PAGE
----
*204 Attributing their plain meaning to the words of section 7, the statute establishes three duties for the Sheriff's Department Merit Commission. The commission is charged with certifying applicants for employment positions, certifying employees for promotion, and disciplining or discharging employees upon complaint of the sheriff or the State's Attorney. We cannot perceive the commission's enactment of regulations governing secondary employment of deputy sheriffs as incidental to any of these functions.

The commission contends that it adopted article VI of its rules and regulations merely to put deputy sheriffs on notice of that conduct which would subject them to the commission's exercise of its disciplinary authority. The commission may not, however, enact substantive and mandatory regulations which restrict the outside activities of deputies under the guise of notifying deputies of "improper" conduct. The commission is limited in its disciplinary authority under the Sheriff's Merit System Act to disciplining or discharging employees, upon complaint of the sheriff or the State's Attorney. (Ill. Rev. Stat. 1983, ch. 125, par. 157.) An administrative agency cannot extend its statutory authority by enacting administrative rules. (Du-Mont Ventilating Co. v. Department of Revenue (1978), 73 Ill. 2d 243, 247-48.) We do not find within the Sheriff's Merit System Act the authority on the part of the commission to proscribe conduct on the part of the deputies or to announce activities which will subject deputies to discipline. We conclude that the commission's regulations clearly do not fall within the scope of the authority to discipline deputies, upon complaint of the sheriff or State's Attorney, that is contemplated by section 7 of the Act.

In addition to its disciplinary function, the commission is also charged with certifying persons for employment and with certifying employees for promotion. Because *205 the commission's restrictions on secondary employment are relevant only after a person is hired as a deputy sheriff, however, sections 15 and 16 of article VI are wholly unrelated to the commission's function to certify persons for employment. Further, the commission does not contend that the rules governing secondary employment were enacted incident to its powers to certify employees for promotion. Nothing in the commission's restrictions on outside employment of deputies mentions use of the restrictions by the commission as criteria for promotion. We conclude, therefore, that sections 15 and 16 were not promulgated incident to any of the statutory functions of the commission.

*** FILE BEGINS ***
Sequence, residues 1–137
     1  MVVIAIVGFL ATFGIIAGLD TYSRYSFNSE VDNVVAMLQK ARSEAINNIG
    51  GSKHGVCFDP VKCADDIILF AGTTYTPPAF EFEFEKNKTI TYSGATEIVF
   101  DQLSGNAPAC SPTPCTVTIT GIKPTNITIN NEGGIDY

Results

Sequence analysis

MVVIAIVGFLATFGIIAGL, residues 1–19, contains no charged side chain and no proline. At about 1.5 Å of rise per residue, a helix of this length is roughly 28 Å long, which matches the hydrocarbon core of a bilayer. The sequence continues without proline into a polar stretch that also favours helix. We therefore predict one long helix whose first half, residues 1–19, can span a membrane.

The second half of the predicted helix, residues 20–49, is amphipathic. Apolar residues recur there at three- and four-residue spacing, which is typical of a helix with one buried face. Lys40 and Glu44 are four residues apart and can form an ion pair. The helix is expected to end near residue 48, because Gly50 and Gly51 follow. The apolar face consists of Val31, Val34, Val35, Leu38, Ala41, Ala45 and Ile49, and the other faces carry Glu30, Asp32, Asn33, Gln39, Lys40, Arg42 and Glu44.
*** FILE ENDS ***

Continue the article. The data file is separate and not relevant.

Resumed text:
The commission cites a 1976 opinion of the Attorney General which states that sheriffs, merit commissions, and merit boards are not statutorily precluded from establishing regulations that forbid deputies from working as private security guards. (Ill. Att'y Gen. Op. S-1068, March 18, 1976.) Because no statute precludes merit commissions from prohibiting deputies from working as private security guards does not mean that the commissions are authorized to establish regulations prohibiting the employment. As we have indicated, such authority must arise from the express language of the statutes which create the commission or set forth its powers, or must devolve by fair implication and intendment from the express provisions of these statutes.

In support of their position, plaintiffs cite a more recent opinion of the Attorney General stating that a sheriff's merit commission has no power to create or abolish ranks for deputy sheriffs. (Ill. Att'y Gen. Op. 83-024, Nov. 10, 1983.) The opinion explains that no statute expressly grants a sheriff's merit commission the authority to create or abolish personnel ranks in the sheriff's department and that creation of personnel ranks is not a power necessarily implied to enable a merit commission *206 to accomplish its statutory purposes. The opinion finds, therefore, that merit commissions cannot establish or abolish ranks in a sheriff's department, but rather that the power is limited to the sheriffs.

Having examined the powers of the McHenry County Sheriff's Department Merit Commission in the present case, we conclude that the commission possessed neither the express statutory authority, nor the authority reasonably incident to its statutory functions, to enact the challenged rules. Accordingly, we affirm the judgment of the appellate court.

Judgment affirmed.